The Lives of Women by Christine Dwyer Hickey: An old, old story, and a sad one

Cover imageChristine Dwyer Hickey is the kind of author about whom there’s not a great deal of brouhaha – no fanfare of Twitter trumpets heralding her next novel or drip feed of showy publicity – which in some ways is a relief and in others a shame. I’m not sure how many readers are acquainted with her quiet, measured prose although the jacket of her latest novel suggests that Last Train from Liguria was a bestseller. I’d like to think that was the case and that The Lives of Women, with its long, slow reveal of a tragedy and the shadow it casts, will meet with similar success. It certainly deserves to.

Elaine has come back to Ireland where her widowed father is wheelchair-bound after surgery. Nearly fifty, she’s lived in New York since she was sixteen but this is only her second visit home. One day, up in the attic exploring a leak, she spots workmen in the old Shillman house and is catapulted back to the summer in the ‘70s which triggered her departure. Along with several other families, Elaine lived with her anxious, over protective mother and her silent, aloof father on the small middle-class estate to which she’s returned. A little diffident and recuperating from a virus at the beginning of the summer, Elaine looked forward to gossipy visits from her best friend Agatha. While Elaine was in hospital her lonely mother had become friends with Mrs Shillman, acquiring a drink habit into the bargain. The arrival of Serena and her daughter Patty with their odd American ways added spice to the lives of the estate’s bored housewives. Serena befriended their teenage daughters, overseeing them with a liberal hand. As the summer wore on, the teenagers did what teenagers do while the women drank and socialised. Towards its end a tragedy played out which affected all who had a part in it, Elaine most of all.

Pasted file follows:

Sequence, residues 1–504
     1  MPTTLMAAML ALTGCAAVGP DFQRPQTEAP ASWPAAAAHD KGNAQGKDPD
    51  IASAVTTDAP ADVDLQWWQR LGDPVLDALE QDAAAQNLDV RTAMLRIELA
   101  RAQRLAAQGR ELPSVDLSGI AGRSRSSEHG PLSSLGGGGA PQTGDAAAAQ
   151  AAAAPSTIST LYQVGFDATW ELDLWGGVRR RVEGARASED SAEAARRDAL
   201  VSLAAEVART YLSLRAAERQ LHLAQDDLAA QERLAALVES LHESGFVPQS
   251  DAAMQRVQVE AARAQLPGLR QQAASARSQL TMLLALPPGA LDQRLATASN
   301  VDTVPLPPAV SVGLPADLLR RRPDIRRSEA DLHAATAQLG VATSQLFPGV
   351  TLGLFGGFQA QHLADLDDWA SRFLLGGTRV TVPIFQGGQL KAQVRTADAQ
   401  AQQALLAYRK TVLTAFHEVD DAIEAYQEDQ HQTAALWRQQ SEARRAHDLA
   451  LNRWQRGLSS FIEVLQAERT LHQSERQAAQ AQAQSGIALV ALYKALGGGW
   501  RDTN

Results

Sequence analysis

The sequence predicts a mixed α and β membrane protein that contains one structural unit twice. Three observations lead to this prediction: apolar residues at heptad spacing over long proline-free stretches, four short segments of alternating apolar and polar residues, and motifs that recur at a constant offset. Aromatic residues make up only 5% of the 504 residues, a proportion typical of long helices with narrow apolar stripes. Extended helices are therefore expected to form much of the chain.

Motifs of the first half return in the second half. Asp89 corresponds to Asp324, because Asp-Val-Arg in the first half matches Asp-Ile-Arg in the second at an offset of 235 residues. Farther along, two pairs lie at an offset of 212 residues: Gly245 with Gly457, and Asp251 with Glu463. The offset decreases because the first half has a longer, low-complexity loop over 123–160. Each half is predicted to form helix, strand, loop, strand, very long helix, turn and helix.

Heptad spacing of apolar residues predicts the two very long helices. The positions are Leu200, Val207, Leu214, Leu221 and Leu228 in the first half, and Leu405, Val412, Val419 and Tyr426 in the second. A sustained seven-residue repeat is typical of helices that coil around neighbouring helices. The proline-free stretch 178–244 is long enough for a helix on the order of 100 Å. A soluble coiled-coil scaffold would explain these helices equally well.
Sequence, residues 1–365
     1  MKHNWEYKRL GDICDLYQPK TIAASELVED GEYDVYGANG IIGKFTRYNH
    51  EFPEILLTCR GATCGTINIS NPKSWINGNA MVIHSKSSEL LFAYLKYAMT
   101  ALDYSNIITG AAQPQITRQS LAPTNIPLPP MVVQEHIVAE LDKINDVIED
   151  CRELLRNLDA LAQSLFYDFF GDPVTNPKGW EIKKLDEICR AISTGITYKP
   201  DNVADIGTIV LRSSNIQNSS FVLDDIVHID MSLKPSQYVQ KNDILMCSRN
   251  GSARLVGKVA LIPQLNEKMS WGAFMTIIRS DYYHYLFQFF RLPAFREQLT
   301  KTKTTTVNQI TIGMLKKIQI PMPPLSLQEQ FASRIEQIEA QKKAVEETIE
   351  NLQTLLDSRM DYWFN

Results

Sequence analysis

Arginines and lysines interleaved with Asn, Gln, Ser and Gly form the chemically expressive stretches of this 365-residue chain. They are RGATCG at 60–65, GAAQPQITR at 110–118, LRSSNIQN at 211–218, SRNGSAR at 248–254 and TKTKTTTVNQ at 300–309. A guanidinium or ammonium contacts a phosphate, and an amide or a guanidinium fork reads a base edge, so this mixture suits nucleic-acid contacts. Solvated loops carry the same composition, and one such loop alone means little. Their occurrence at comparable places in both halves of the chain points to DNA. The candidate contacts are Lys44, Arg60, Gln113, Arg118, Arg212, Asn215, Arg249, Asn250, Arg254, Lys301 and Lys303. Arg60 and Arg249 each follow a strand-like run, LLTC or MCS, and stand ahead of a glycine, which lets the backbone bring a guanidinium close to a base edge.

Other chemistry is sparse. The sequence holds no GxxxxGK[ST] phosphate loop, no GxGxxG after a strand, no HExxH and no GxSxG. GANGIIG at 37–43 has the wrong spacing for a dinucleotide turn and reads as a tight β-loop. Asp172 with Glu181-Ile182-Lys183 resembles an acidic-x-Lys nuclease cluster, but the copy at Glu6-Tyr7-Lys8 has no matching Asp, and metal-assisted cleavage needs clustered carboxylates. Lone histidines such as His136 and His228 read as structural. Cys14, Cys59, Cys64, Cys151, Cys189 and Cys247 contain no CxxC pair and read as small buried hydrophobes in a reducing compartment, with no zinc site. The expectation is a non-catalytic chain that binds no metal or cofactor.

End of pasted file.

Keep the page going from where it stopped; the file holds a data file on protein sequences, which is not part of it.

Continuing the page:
Hickey alternates her narrative between the first-person present day and the third-person ‘70s, emphasising the distance Elaine has put between herself and the summer which shaped the rest of her life. Her writing is precise, quiet and unshowy, making it all the more striking: ‘On a ship babies and women always come first, in the suburbs, they always, always come last’ perfectly describes the departure of the men to their important lives leaving the women at home with little to do. Hickey takes her time revealing the summer’s events, leaking small details, occasionally springing larger surprises as if Elaine is circling the facts until she can face them. It’s all beautifully done: when the event itself is reached it’s hardly a surprise but that isn’t the point. The story is an old one – and sad – but told with great skill and the hope of redemption. If you’ve not yet come across Hickey, I hope you’ll try one of her books. She’s well worth your time.

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  1. Never read anything by her ….although this sounds like the sort of thing I would like . Currently on the look out for things to add to TBR once my V Woolf course over !